What is a Space Elevator?

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Space elevator

A space elevator is a proposed non-rocket space launch structure (a structure designed to transport material from a celestial body's surface into space). Non-rocket space launch (NRS) is the idea of reaching outer space specifically from the Earth's surface predominantly without the use of conventional chemical rockets, which currently is the only method in use. Many elevator variants have been suggested, all of which involve travelling along a fixed structure instead of using rocket-powered space launch, most often a cable that reaches from the surface of the Earth on or near the equator to geostationary orbit (GSO) and a counterweight outside of the geostationary orbit. A geostationary orbit (or Geostationary Earth Orbit - GEO) is a geosynchronous orbit (orbit around the Earth with an orbital period that matches the Earth's sidereal rotation period) directly above the Earth's equator (0 degree latitude), with a period equal to the Earth's rotational period and an orbital eccentricity (orbital eccentricity of an astronomical body is the amount by which its orbit deviates from a perfect circle of approximately zero).


While some variants of the space elevator concept are technologically feasible, current technology is not capable of producing practical engineering materials that are sufficiently strong and light to build an Earth-based space elevator of the geostationary orbital tether type. Recent concepts for a space elevator are notable for their plans to use carbon nanotube or boron nitride nanotube based materials.


What is the History of Space Elevators?

In 1895, the primary concept of the space elevator appeared, when Russian scientist Konstantin Tsiolkovsky was enthused by the Eiffel Tower in Paris to consider a tower that reached all the way into space, built from the ground up to an altitude of 35,790 kilometers (22,238 mi) above sea level (geostationary orbit). Unlike more recent concepts for space elevators, Tsiolkovsky's (conceptual) tower was a compression structure, rather than a tension (or "tether") structure. In 1959 another Russian scientist, Yuri N. Artsutanov, suggested a more feasible proposal. Artsutanov suggested using a geostationary satellite as the base from which to deploy the structure downward. By using a counterweight, a cable would be lowered from geostationary orbit to the surface of Earth, while the counterweight was extended from the satellite away from Earth, keeping the center of gravity of the cable constant relative to Earth.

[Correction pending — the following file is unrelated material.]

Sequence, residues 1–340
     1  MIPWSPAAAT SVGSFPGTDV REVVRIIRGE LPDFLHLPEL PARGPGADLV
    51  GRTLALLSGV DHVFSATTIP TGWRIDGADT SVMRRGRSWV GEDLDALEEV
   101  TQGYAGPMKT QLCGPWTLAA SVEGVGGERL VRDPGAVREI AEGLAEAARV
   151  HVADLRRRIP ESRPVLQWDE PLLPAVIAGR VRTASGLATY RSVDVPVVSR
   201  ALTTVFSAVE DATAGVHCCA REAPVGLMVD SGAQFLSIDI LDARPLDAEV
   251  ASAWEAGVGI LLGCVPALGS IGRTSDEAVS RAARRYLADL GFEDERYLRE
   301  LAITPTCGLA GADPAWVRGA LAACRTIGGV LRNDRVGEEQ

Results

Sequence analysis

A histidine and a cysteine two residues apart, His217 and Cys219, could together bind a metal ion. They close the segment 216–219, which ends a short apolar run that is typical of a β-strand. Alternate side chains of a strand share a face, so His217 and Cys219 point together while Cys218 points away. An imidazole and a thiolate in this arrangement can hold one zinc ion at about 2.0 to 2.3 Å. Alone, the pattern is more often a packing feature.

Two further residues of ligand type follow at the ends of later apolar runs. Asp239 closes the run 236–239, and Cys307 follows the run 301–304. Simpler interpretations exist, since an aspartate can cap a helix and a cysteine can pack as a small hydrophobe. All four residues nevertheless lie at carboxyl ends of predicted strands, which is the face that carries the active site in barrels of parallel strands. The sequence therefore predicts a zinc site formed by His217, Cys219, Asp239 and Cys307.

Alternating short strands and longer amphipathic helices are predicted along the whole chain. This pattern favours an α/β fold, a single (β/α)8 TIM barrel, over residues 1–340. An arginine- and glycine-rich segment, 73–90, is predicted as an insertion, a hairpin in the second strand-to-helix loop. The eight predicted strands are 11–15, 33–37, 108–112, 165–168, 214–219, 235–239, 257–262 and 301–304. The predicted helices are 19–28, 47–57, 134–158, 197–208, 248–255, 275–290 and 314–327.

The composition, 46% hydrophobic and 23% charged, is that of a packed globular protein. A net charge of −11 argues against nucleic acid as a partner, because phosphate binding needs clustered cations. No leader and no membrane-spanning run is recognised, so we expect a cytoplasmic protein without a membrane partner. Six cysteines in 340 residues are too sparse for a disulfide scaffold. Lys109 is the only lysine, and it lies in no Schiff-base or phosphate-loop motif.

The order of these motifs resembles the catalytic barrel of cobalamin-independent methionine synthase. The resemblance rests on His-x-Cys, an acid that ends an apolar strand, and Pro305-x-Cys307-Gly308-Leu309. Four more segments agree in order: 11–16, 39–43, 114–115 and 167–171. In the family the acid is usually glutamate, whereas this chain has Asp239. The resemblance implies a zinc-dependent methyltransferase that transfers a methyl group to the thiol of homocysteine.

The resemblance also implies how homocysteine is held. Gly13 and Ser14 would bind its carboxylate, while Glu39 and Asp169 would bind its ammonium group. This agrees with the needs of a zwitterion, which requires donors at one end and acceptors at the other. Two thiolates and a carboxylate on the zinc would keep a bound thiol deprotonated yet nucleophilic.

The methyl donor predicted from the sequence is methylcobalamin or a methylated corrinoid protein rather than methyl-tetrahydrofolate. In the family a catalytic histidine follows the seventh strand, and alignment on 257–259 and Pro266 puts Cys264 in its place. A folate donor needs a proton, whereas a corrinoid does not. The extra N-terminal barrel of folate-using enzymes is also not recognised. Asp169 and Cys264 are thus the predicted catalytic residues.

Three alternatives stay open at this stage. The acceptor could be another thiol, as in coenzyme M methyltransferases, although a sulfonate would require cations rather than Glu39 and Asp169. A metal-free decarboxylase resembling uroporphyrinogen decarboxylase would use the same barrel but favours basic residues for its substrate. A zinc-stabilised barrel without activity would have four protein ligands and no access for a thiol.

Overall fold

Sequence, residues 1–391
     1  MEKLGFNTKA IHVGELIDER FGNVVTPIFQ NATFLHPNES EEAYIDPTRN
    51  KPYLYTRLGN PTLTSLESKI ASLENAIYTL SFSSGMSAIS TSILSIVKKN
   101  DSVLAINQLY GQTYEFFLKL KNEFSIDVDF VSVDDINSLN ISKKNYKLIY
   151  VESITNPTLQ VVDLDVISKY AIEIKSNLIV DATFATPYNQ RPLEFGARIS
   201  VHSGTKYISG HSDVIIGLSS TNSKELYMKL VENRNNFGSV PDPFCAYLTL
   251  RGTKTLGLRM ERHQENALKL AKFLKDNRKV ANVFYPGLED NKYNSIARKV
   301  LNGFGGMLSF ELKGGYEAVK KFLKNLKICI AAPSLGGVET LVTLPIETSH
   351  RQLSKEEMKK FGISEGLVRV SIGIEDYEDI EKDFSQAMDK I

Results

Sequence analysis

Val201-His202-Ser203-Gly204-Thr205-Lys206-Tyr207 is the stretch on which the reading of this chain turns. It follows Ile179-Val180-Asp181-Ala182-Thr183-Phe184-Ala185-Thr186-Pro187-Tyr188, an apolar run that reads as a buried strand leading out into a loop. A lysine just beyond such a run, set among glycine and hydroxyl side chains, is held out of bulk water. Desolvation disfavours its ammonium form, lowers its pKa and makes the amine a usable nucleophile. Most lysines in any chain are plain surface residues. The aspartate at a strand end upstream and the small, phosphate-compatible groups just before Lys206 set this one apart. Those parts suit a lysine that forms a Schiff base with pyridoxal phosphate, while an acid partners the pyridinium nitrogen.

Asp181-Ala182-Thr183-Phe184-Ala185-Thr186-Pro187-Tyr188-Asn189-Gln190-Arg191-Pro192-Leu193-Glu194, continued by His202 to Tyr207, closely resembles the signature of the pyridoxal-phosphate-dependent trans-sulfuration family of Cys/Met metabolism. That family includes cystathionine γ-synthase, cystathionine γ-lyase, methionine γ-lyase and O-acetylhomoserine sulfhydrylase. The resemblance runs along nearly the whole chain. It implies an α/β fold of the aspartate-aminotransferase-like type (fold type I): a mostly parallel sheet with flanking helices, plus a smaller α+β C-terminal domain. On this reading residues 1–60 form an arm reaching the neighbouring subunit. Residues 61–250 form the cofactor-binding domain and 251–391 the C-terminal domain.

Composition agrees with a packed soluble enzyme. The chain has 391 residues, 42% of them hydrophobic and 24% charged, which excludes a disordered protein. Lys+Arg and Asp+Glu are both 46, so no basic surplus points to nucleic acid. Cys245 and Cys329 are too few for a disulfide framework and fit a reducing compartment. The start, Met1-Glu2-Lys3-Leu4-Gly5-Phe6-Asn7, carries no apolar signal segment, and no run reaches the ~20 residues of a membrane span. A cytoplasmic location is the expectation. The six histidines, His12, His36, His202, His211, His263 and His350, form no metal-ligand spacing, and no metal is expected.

Making a cable over 35,000 kilometers (22,000 miles) long is a difficult task. In 1966, Isaacs, Vine, Bradner and Bachus, four American engineers, reinvented the concept, naming it a "Sky-Hook," and published their analysis in the journal Science. After the development of carbon nanotubes in the 1990s, engineer David Smitherman of NASA/Marshall's Advanced Projects published a book which provides an introduction to the state of the technology at the time, and summarizes the findings. In 2008 the book "Leaving the Planet by Space Elevator", by Dr. Brad Edwards and Philip Ragan, was published in Japanese and entered the Japanese best seller list. This has led to a Japanese announcement of intent to build a space Elevator at a projected price tag of 5 billion dollars.


What is a Geostationary orbital tether?

This notion, also known an orbital space elevator, geostationary orbital tether, or a beanstalk, is a division of the skyhook concept. Skyhooks are a theoretical class of cable based techniques intended to lift payloads to high altitudes and speeds. Construction would be a large project: the minimum length of an Earth-based space elevator is well over 38,000 km (24,000 mi) long. The tether would have to be built of a material that could bear tremendous stress while also being light-weight, cost-effective, and manufacturable in great quantities. Materials available at present do not meet these requirements, although carbon nanotube technology shows great guarantee.


What is the Physics behind space elevators?

  • Apparent gravitational field: The space elevator cable rotates along with the rotation of the Earth. Objects fastened to the cable will experience upward centrifugal force that opposes some, all, or more than the downward gravitational force at that point. Along the length of the cable, the actual (downward) gravity minus the (upward) centrifugal force is called the apparent gravitational field.